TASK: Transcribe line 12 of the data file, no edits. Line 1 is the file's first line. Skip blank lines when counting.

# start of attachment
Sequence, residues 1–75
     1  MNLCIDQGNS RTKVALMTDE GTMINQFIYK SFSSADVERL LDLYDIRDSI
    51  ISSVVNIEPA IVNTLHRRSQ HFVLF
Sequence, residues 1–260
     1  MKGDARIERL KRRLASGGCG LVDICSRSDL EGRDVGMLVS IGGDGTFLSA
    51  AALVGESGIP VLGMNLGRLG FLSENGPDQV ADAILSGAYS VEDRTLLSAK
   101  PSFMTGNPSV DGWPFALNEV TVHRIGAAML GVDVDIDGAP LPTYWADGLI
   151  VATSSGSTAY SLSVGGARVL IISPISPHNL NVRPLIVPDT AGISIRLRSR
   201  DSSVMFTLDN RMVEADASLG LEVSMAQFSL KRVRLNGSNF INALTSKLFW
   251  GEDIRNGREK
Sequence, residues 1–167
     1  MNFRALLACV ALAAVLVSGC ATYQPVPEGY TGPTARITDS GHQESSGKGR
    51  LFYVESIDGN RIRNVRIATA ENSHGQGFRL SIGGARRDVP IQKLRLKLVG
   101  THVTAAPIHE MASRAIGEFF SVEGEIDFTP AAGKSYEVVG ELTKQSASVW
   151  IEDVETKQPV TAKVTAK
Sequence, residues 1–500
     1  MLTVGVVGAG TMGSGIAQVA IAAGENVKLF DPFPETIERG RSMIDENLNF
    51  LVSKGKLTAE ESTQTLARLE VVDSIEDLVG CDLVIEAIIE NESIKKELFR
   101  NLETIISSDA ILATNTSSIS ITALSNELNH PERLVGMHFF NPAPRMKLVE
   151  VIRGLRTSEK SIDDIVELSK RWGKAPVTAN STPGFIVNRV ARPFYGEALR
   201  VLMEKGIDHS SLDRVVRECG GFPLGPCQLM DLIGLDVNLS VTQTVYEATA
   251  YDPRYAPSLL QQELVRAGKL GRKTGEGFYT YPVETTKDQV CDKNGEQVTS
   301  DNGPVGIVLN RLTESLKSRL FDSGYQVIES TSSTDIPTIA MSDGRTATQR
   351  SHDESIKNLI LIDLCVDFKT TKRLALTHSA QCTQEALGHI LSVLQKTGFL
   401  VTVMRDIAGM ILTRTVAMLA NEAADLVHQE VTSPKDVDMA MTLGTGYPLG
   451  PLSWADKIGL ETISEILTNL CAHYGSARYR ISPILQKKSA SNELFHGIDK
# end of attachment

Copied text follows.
     1  MNFRALLACV ALAAVLVSGC ATYQPVPEGY TGPTARITDS GHQESSGKGR